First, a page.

How to Collect Health Insurance Premiums During an FMLA Leave

We are very thankful to Tim Murphy from Skoler, Abbott, & Presser, P.C. for being our guest writer this week.  The question about health and other insurance premiums during FMLA and other types of leaves comes up often, and I’ve found Tim to be an excellent partner in sorting through this complex issue.  Tim’s contact information is contained in the links below.  Please reach out to him if you have questions on this or other labor or employment law matters.

Skoler-Abbot Website

Tim’s Linked In Profile

As you probably know, during any FMLA leave, employers must maintain the employee’s group health plan coverage on the same basis as if the employee never took the leave. (29 CFR §825.209).   This means that any share of the premiums which had been paid by the employee before FMLA leave must continue to be paid by the employee during the FMLA leave. (29 CFR §825.210(a)). When the employee uses paid time off (vacation, etc.) during the FMLA, the employee’s share of premiums must be paid by the method normally used, usually payroll deduction.

Unpaid FMLA Leave

However, collecting premiums may only become a problem when the FMLA leave is unpaid, as it often is. In that case, the employer may require employees to pay their share of premium payments in any of the following ways:

(1) by payroll deduction;

(2) on the same schedule as payments are made under COBRA;

(3) prepaid pursuant to a cafeteria plan at the employee’s option;

(4) consistent with the employer’s existing rules for payment by employees on leave without; or

(5) another system voluntarily agreed to between the employer and the employee.

The employer must provide the employee with advance written notice of the terms and conditions under which these payments must be made. (See §825.300(c)). An employee who is receiving payments as a result of a workers’ compensation injury must make arrangements with the employer for payment of group health plan benefits when simultaneously taking FMLA leave.

When Employees Fail to Pay Their Premiums

An employer’s obligations to maintain health insurance coverage cease under the FMLA if an employee’s premium payment is more than 30 days late.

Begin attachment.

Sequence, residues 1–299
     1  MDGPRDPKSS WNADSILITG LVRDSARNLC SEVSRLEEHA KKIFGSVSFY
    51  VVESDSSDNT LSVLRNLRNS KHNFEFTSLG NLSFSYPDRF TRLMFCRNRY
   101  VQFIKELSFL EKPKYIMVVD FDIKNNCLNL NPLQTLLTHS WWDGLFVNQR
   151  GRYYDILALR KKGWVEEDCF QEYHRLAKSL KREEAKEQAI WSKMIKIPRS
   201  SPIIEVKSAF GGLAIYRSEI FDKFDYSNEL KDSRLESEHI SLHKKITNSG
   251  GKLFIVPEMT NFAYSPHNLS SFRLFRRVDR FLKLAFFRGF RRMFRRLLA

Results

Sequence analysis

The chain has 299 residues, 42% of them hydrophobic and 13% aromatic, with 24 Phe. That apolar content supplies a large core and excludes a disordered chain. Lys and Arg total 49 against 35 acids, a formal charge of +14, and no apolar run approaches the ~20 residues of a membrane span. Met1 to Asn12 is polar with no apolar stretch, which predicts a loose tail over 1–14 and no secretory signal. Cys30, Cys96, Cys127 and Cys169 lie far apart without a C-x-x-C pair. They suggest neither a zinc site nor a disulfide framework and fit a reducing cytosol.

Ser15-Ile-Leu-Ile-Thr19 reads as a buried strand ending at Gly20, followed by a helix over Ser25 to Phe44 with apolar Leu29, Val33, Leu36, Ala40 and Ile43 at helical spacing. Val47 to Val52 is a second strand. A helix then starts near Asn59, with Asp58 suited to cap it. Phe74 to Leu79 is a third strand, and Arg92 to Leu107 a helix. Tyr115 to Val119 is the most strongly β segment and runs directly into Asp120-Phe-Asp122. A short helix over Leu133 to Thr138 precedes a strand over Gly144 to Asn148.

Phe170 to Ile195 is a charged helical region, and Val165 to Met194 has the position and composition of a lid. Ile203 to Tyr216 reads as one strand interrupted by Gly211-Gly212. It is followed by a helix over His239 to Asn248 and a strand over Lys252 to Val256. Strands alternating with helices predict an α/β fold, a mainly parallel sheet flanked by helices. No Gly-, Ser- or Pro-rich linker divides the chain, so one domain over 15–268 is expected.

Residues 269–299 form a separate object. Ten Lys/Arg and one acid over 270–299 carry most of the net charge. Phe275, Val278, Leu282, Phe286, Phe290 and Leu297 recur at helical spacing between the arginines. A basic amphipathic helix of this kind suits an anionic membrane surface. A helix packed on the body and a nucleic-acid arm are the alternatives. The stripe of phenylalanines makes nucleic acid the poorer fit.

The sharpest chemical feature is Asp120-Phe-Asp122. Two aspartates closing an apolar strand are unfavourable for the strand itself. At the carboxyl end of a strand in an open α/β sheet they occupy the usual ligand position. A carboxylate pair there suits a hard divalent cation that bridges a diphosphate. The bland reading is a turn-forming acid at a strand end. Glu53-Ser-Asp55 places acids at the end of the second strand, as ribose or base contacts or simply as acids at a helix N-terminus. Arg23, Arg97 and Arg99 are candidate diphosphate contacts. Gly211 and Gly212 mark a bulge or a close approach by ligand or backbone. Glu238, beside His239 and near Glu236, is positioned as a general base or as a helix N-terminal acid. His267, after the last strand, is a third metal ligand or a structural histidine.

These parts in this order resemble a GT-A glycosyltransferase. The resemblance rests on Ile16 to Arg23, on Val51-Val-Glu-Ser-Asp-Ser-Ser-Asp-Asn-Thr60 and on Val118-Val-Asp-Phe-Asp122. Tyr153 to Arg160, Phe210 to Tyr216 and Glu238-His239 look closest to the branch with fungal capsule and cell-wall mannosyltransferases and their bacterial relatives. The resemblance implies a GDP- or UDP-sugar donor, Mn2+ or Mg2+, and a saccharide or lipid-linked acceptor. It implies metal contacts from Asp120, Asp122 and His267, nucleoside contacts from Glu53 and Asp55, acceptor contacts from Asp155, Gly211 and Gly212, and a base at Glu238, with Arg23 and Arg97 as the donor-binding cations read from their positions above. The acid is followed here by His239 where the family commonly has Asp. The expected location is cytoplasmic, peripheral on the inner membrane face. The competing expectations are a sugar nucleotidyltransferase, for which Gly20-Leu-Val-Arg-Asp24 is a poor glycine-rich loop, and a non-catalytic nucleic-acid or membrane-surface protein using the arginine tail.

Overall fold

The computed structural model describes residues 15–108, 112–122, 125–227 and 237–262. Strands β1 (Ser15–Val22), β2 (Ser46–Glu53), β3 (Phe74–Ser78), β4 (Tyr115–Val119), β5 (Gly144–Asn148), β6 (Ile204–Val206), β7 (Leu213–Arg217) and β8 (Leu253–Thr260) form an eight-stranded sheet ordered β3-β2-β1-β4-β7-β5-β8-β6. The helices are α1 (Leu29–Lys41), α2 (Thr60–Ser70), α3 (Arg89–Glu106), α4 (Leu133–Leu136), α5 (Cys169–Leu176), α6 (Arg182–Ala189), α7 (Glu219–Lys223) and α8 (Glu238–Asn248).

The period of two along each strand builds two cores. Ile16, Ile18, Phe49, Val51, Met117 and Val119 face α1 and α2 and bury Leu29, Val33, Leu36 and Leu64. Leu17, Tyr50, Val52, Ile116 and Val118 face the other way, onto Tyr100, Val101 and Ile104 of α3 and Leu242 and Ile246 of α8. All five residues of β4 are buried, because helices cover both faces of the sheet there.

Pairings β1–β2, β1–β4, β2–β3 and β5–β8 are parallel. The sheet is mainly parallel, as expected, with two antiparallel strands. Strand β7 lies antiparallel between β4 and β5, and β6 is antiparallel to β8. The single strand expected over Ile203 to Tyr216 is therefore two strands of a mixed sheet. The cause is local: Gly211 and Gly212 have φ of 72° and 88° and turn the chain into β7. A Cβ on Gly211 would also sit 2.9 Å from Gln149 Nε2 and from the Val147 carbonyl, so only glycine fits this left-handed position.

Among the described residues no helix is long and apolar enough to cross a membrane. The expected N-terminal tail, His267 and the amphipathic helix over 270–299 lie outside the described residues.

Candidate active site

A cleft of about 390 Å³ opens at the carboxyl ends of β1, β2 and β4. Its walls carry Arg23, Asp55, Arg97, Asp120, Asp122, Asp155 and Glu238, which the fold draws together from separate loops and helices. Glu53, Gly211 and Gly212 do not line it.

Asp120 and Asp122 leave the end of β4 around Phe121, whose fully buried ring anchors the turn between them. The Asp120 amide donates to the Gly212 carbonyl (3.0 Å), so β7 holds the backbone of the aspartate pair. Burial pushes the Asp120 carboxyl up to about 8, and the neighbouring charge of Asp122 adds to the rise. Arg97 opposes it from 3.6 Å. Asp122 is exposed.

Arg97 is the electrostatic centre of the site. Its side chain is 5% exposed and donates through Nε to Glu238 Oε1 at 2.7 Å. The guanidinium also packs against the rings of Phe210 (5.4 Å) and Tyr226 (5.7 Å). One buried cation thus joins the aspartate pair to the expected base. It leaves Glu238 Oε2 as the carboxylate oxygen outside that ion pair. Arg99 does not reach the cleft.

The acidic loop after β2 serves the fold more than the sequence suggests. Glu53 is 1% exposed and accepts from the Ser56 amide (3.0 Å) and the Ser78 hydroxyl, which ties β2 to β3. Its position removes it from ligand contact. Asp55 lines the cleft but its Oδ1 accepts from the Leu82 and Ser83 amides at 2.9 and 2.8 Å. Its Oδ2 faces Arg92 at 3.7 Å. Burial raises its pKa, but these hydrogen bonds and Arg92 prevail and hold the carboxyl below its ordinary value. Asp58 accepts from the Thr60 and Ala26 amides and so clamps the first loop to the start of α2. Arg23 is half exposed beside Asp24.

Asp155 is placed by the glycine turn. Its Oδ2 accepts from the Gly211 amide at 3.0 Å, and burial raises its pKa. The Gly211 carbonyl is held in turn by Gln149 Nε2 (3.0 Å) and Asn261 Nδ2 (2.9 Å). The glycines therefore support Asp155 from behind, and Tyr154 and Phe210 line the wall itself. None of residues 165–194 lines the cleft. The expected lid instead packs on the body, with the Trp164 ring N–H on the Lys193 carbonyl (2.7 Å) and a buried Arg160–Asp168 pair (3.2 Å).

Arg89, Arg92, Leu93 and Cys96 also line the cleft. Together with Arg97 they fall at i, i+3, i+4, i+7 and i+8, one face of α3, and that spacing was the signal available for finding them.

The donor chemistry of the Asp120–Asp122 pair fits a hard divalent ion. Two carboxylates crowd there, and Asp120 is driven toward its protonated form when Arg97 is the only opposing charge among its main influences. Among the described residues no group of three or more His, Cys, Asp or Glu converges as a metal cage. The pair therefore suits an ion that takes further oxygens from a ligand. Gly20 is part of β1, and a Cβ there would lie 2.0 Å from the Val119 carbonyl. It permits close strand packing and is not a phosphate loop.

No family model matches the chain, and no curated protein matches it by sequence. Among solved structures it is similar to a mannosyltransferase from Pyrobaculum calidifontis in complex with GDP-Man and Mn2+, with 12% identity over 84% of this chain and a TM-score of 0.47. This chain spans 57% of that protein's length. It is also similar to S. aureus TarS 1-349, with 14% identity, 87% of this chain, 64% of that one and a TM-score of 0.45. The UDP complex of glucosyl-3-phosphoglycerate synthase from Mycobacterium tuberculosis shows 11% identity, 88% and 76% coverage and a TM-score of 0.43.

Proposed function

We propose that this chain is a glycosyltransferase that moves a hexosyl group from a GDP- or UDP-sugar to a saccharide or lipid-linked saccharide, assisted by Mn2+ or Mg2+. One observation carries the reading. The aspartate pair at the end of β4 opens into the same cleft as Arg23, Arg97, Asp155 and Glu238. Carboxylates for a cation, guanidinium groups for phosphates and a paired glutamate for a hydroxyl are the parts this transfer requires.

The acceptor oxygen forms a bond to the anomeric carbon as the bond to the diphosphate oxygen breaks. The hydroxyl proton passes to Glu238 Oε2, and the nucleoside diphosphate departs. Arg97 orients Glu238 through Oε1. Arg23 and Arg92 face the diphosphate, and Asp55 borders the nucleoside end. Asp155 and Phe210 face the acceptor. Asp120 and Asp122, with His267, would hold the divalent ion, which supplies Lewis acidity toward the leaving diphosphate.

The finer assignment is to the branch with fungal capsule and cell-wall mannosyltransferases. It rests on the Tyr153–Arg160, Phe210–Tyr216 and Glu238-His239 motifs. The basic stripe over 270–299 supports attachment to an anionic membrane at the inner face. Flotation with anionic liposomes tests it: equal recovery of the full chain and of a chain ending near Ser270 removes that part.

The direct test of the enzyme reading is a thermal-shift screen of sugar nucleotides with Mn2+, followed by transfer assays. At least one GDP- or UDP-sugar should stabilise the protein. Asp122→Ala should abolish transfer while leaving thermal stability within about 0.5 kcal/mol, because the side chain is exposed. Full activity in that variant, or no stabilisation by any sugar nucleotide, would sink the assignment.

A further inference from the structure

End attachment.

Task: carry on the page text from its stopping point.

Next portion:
To drop the coverage for an employee whose premium is late, the employer must give written notice that the payment hasn’t been received at least 15 days before coverage is to cease, advising that coverage will be dropped on a specified date at least 15 days after the date of the letter unless the payment has been received by that date. So coverage may be terminated at the end of the 30-day grace period, if the required 15-day notice has been provided.

Of course, all other FMLA obligations would continue, like job reinstatement.

If coverage lapses because an employee has not made required premium payments, upon the employee’s return from FMLA leave the employer must still restore the employee to coverage/benefits equivalent to those the employee would have had if leave had not been taken and the premium payment(s) had not been missed, including family or dependent coverage.

If the employee fails to return to work

An employer may recover its share of health plan premiums during a period of unpaid FMLA leave from an employee if the employee fails to return to work after the employee’s FMLA leave entitlement has been exhausted or expires. But watch out because there are several exceptions to this.

Sometimes employers maintain other benefits, e.g., life insurance, disability insurance, etc., by paying the employee’s (share of) premiums during periods of unpaid FMLA leave. In that case, the employer is entitled to recover only the costs incurred for paying the employee’s share of any premiums whether or not the employee returns to work.

As a practical matter, it may be difficult to collect money from a former employee. The best approach is to minimize your losses by keeping an eye on non-payments and terminating coverage before the losses get too big. The FMLA can be tricky, so you should consult with your labor and employment expert before you get too far.

Showing 4 comments
  • Elizabeth

    Are there companies that will handle the communication with employee about premiums due, timing of premiums, collection of premiums and termination of coverage,

    • Pete Miller

      Hi Elizabeth. There are definitely companies that can help with a host of HR-related tasks. If you’d like some details, please call me at (866) 724-0008.

  • Brittany Lyons

    When an employee is on FMLA and pays for pre-tax deductions externally, should the employer update the employee contributions in their payroll system for W2 purposes (Box 12)?

    • Pete Miller

      Hi Brittany. Sorry for the delay in response. I didn’t see your question.

      This information came from our compliance department:

      I think the question is whether an employee can make pre-tax contributions towards the cost of benefits while on an FMLA leave of absence. Eligible employees can participate in the POP (which is to say, they can make pre-tax contributions) during periods of paid leave.

      If the leave is unpaid, of course there is no mechanism for pre-tax contributions. In that case, the contributions would need to be made on a post-tax basis (e.g., via check) according to the employer’s leave policy.

      Remember that an employer is required to continue group health insurance during periods of FMLA leave on the same terms and conditions (e.g., at the same contribution levels) as coverage would have been provided if the employee had not taken leave.

      As to W-2 cost of coverage reporting, the figure reported in Box 12 of the Form W-2 includes both the portion paid by the employer and the portion paid by the employee. Whether employee contributions are made pre-tax or post-tax doesn’t affect the figure reported in Box 12.

      Hope this helps!

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